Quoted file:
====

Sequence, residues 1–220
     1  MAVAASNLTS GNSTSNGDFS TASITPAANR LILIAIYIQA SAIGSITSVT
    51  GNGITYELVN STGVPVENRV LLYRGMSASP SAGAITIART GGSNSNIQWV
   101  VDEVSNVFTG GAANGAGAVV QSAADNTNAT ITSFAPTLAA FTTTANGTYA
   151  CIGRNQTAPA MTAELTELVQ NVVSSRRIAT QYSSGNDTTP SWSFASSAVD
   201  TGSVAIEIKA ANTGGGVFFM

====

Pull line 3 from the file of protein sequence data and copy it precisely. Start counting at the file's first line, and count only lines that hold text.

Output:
    51  GNGITYELVN STGVPVENRV LLYRGMSASP SAGAITIART GGSNSNIQWV